Living Room Wrestler Dream

A few nights ago I had a vivid dream which has stayed with me. These are the details:

I am an up and coming amateur wrestler, and I have been given the chance to wrestle a champion. I am seated on a sofa in a living room. The decor is 1950s kitsch including on the soft pink wall before me an oversized, framed, signed photograph of Senator Joseph McCarthy. He is pictured with a cold stare, an upturned nose, and a pair of tense, closed lips that call to my mind Caesar about to cross the Rubicon. My knees are gently resting on the side of a coffee table. There is an ashtray with smoldering cigarettes on the exact middle of the coffee table, and smoke rising up from the ashtray casts the room in a soft haze. I do not smoke, and I am turned off by the smell. I am careful to hide my genuine emotions, though, as I do not want to upset the opportunity that landed upon my lap.

There are two middle aged men in the living room with me. One is a bald guy in a white shirt and trousers. He is a beefy, sweaty man who looks a lot like “Mr. Clean.” He has his shirt arms rolled up to reveal stocky, hairy arms that have been in their share of barroom brawls over the years. The rose in his cheeks tells me he has spent the evening hovering too close to the small bar across the room. His companion is a thin, stooped man with a pointed face, birdlike nose, and pinched mouth. He too wears a white shirt with trousers. He paces around the living room nervously with a cigarette. He dabs the ashes from his smokes directly onto the soft pink carpet.

The two men are urging me not to take on the champion. They offer up a host of excuses including “the timing is all wrong,” “the guy will kill you in the ring,” and “the Communists will take advantage of this.” I plaster an affable grin upon my face and wave down every one of their objections. When it is clear that they are not going to dissuade me, they tell me at the very least I should get an okay first from my wife. I tell them that is out of the question. I am not going to worry her. She has a fragile disposition, and the added stress will sicken her.

There is a wrestling ring on the other side of the living room. I stand up, and I enter into the powder room to freshen up for the bout. I see in the mirror that I am dressed already in my amateur wrestling outfit. I turn on the sink and splash handfuls of water onto my face. I am nervous but aim to hide it. This is my chance, and I am not going to let nerves interfere with the moment.

Returning to the living room, I see that the champion is already in the ring. He is a Soviet Russian with the round face and the pudgy physique of a young Nikita Khrushchev. He is hairy and brusque, and his callused hands look like they have been pushing a plow out in the country for decades. Unlike the real Khrushchev, his eyes are slightly Asiatic and call to mind Vladimir Putin. The eyes are calculating and sinister. He looks like a country oaf, until you settle in on his eyes. The eyes make clear that he is much more intelligent than his hardscrabble farmer physique at first suggests.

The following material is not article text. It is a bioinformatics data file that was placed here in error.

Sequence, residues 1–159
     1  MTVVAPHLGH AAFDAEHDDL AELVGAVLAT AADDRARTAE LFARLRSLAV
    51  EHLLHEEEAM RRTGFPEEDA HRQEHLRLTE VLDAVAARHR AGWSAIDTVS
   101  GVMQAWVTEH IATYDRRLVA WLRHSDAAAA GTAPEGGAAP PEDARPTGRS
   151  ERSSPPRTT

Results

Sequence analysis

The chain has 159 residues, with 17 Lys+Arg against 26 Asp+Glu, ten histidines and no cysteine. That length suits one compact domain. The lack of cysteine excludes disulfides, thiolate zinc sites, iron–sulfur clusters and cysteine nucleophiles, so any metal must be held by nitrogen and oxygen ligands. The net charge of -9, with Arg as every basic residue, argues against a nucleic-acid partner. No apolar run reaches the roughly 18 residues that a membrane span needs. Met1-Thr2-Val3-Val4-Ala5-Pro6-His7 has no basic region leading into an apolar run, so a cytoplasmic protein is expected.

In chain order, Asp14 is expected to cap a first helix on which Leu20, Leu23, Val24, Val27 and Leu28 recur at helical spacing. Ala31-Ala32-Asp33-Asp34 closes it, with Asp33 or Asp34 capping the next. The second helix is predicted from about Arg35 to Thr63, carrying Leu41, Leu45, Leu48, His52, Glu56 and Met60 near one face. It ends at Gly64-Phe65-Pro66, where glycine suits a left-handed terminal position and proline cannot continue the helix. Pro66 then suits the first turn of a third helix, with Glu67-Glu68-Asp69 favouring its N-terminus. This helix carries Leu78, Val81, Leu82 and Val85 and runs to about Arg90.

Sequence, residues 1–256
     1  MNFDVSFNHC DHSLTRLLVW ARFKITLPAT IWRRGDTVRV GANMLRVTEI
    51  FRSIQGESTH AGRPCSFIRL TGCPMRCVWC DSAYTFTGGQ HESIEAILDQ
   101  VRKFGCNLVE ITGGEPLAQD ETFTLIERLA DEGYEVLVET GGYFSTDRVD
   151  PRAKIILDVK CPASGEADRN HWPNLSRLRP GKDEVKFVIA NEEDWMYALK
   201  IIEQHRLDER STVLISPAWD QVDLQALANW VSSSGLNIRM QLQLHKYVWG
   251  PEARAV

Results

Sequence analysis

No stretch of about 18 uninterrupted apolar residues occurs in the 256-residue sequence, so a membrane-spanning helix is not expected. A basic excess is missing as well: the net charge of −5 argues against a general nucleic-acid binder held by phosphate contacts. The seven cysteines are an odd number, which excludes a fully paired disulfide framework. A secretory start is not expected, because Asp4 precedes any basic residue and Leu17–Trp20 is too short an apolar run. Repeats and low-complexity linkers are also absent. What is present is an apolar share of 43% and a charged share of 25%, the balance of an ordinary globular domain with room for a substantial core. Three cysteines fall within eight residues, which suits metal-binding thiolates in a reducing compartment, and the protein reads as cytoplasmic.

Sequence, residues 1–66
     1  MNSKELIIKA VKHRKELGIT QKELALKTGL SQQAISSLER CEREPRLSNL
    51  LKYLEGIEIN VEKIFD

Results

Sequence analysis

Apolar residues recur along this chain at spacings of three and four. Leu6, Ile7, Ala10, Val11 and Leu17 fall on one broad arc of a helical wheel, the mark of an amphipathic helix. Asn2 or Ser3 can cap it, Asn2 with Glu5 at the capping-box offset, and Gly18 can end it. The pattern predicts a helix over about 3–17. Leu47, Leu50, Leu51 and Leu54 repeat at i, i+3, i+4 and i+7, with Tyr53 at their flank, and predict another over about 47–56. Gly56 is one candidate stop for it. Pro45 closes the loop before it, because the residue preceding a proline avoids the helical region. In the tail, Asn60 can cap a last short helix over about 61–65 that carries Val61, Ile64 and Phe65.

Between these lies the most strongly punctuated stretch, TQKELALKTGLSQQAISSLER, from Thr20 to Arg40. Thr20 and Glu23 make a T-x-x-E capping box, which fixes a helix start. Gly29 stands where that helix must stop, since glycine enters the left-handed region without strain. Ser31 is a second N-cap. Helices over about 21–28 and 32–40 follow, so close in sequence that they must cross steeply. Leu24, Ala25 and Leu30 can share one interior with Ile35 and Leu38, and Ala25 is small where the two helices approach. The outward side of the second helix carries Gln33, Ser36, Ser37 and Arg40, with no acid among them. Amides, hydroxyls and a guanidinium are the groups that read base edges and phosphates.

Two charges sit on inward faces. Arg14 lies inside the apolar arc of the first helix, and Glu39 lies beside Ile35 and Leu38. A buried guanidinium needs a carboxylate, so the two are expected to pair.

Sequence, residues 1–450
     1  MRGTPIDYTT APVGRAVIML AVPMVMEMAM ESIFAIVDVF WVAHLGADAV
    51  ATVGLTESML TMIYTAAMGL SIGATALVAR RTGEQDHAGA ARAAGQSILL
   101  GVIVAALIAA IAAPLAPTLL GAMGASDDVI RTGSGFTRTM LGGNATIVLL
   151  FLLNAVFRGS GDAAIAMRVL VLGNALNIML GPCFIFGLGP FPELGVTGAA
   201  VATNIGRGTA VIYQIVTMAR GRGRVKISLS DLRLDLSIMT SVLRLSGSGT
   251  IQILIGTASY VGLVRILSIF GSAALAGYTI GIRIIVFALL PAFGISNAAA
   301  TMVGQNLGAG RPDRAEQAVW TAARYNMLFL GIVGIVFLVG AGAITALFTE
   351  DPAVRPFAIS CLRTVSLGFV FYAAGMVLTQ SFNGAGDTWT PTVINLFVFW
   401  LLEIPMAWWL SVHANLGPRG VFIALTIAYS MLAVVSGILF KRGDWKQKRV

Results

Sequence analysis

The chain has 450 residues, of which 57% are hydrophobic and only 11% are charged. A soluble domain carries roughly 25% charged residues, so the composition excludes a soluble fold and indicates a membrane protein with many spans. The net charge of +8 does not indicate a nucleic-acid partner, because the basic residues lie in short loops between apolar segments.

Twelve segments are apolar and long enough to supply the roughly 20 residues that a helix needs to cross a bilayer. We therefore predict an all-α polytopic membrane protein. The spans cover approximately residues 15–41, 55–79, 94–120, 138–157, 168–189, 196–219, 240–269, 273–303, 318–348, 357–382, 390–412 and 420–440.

I step into the ring. We nod respectfully at one another, lock arms, and start to wrestle. It is a long and gruesome battle that sprinkles blood and sweat all over the canvas. Both of us at different times nearly slips on the blood. Eventually, I get the champion on his back and into a submission hold. He relents before passing out from pain and exhaustion. As I stand over him, catching my breath, and hiding the pain in my ribs, I stare at the Senator Joseph McCarthy picture across the room. McCarthy’s pupils move very slightly, and as a result he is now staring back at me.

I step out of the ring. I expect the two middle aged men to congratulate me. Instead, the beefy “Mr. Clean” guy folds his arms over his chest and looks down in shame. I sense he is not ashamed at himself for having tried to dissuade me from this fight, but rather he is ashamed at me for having gone ahead with it. The thin man is more clearly annoyed. He berates me while puffing on his cigarette. I never should have gone ahead with this fight without first telling my wife, the thin man insists. This fight never should have happened.

I plaster on my affable grin and retake my seat on the sofa. The wrestling ring is gone. So is the Soviet Russian champion. I look up at the Senator Joseph McCarthy picture before me. The two middle aged men repeat their points as to why I should not take advantage of the opportunity that landed upon my lap. I am in a dream loop. The dream is about to proceed again just as it had when I awaken.

Published by Michael Sean Erickson

I write, act, and produce films in Los Angeles. Everything else is conjecture.

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